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5 Bizarre "Persons" Protected By Law

India just granted legal personhood to dolphins. Find out what other crazy things are considered "persons" around the world.

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India just granted legal personhood to dolphins. And it turns out, they're not the only country to call non-human entities "persons." What's surprising though, is how many of these countries say unborn human beings aren't persons.

1. Dolphins in India

India's Parliament declared dolphins (and other Cetaceans, such as Whales) legal persons with a right to life and liberty. Dolphin shows have been banned, since holding these animals in captivity is now illegal. The Central Animal Authority issued the following statement: "Cetaceans...should be seen as 'non-human persons' and as such should have their own specific rights."

Human abortion has been legal in India since 1971. Each year, around 11 million unborn Indians are aborted. They have no legal rights in India.

2. Great Apes in Spain

In 2007, the Balearic Islands (an autonomous community of Spain) granted legal personhood to Great Apes. The following year, the Spanish Parliament approved "human rights for apes," declaring their right to life and freedom. Declaring their legal personhood bans using apes in Spanish circuses, television commercials or filming.

Abortion has been decriminalized in Spain since 1985 and legalized since 2010. In 2010, there were nearly 115,000 abortions. The right to life and freedom for unborn Spaniards is not protected by law.

3. The Whanganui River in New Zealand

The third largest river in New Zealand was declared a legal person by the Crown in September 2012. After one of the longest court cases in national history, the river was granted the status of an integrated, living whole, complete with rights and interests enforceable by law.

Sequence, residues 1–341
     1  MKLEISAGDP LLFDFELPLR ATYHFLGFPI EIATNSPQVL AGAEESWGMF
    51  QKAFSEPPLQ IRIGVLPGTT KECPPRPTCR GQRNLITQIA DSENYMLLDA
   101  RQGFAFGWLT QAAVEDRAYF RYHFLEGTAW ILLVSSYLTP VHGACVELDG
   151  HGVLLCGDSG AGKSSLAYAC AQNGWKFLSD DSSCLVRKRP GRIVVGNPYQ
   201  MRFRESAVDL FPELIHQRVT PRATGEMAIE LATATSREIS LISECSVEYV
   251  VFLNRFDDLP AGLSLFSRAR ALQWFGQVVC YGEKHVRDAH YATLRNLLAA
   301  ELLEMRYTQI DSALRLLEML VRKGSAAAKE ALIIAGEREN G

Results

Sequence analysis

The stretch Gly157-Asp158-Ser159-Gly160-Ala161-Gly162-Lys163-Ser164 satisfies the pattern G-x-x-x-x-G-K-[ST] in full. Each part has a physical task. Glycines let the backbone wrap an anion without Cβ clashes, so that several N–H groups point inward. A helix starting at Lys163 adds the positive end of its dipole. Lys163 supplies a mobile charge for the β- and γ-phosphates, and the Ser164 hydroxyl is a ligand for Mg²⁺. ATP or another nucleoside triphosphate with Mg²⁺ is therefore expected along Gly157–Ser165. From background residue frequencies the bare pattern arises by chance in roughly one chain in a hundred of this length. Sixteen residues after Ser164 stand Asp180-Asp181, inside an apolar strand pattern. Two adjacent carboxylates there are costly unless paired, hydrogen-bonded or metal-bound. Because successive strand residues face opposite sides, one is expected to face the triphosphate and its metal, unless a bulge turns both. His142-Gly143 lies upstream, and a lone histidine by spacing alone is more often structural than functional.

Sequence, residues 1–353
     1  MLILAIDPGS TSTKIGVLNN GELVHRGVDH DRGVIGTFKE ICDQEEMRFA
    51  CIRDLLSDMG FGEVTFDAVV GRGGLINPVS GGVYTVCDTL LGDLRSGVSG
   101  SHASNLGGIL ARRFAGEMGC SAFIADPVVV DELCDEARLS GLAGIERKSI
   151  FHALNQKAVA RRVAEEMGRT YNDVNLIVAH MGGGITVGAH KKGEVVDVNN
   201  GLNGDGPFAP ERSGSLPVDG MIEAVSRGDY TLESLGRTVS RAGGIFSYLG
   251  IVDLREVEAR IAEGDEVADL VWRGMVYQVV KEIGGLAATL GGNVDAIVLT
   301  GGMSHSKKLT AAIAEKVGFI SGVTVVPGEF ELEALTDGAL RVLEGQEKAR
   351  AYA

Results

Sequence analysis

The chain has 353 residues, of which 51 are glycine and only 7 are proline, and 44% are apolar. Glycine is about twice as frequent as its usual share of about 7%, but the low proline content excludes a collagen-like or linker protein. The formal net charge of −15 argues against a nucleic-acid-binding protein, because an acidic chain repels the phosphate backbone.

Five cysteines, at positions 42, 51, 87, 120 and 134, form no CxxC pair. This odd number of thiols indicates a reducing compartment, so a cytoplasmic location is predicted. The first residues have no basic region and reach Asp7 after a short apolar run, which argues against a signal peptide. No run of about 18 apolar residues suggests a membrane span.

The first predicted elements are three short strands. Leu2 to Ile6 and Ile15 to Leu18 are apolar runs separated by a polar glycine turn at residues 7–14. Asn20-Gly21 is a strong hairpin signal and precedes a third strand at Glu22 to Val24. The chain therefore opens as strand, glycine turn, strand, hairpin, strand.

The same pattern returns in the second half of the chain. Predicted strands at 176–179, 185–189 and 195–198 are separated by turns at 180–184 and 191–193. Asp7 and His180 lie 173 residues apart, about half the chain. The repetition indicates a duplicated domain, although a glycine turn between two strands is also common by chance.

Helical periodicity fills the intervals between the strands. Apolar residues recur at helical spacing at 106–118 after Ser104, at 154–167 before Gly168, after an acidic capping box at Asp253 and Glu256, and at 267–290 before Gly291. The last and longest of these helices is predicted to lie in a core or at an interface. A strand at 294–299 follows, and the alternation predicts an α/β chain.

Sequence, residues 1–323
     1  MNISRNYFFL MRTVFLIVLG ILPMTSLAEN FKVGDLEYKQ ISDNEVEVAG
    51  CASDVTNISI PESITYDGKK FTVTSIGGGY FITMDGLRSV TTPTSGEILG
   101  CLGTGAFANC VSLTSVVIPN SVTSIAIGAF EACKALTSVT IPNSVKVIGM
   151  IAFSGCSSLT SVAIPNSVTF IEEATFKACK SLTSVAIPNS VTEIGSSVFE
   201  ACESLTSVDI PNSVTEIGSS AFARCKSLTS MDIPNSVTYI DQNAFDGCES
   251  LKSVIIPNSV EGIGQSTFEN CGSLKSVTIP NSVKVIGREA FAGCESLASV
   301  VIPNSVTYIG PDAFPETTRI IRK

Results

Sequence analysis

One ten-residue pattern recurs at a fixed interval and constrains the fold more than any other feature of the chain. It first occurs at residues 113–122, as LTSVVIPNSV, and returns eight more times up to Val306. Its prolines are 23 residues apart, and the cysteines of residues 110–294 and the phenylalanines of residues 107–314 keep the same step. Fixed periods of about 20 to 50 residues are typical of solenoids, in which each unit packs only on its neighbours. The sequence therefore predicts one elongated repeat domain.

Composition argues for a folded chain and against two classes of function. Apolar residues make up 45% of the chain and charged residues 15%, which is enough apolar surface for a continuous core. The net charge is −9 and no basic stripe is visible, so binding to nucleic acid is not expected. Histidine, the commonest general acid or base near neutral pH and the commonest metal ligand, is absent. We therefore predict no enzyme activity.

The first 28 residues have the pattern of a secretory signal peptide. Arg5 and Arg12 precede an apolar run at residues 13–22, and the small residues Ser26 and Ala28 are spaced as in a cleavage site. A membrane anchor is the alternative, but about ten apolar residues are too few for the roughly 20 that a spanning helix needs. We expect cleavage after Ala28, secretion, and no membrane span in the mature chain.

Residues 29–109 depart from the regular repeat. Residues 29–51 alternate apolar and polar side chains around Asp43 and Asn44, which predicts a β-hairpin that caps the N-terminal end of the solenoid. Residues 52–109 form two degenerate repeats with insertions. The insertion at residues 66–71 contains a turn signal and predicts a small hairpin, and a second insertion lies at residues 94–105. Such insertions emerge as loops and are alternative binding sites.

Abortion has been legal in New Zealand since 1977. Between 15,000-20,000 abortions occur annually. Unborn New Zealanders have no rights and interests enforceable by law.

4. The Rainforest in Ecuador

In 2008, this South American country declared the nation's tropical forests, islands, rivers, and air something usually reserved for humans: legal personhood. The law states: "Natural communities and ecosystems possess the unalienable right to exist, flourish and evolve within Ecuador. Those rights shall be self-executing, and it shall be the duty and right of all Ecuadorian governments, communities, and individuals to enforce those rights."

Although abortion is nearly always illegal in Ecuador, unborn children who are conceived in a violent act of rape are not always granted their unalienable right to exist, flourish, and evolve within Ecuador.

5. Corporations in the USA

Since at least 1886, corporations have been granted legal personhood in the United States of America. The Supreme Court's famous Santa Clara v. Southern Pacific Railroad, Inc. decision laid the foundation for Mitt Romney's eventual ill-fated admission that "corporations are people, my friend."

Unborn Americans have been denied personhood since the Roe v. Wade decision of 1973. Justice Blackmun admitted then that if "personhood is established . . . the fetus’ right to life would then be guaranteed." In 2008, approximately 1.21 million abortions were reported in the USA. Children in the womb are not considered persons with a right to life.

So why isn't this baby a person?

Countries have recognized all sorts of non-human persons in order to protect them. Doing so hasn't caused problems like whether to issue birth certificates to dolphins or whether dolphins can represent themselves in court. When pro-choice activists accuse fetal personhood proponents of creating these sorts of legal problems, they're really just spreading scare tactics.

Whether you think animals, the environment, or corporations should be considered persons or not, one thing should be clear: at least all human beings are persons. Science tells us that babies in the womb are living human beings from the moment of fertilization. Shouldn't the law reflect that?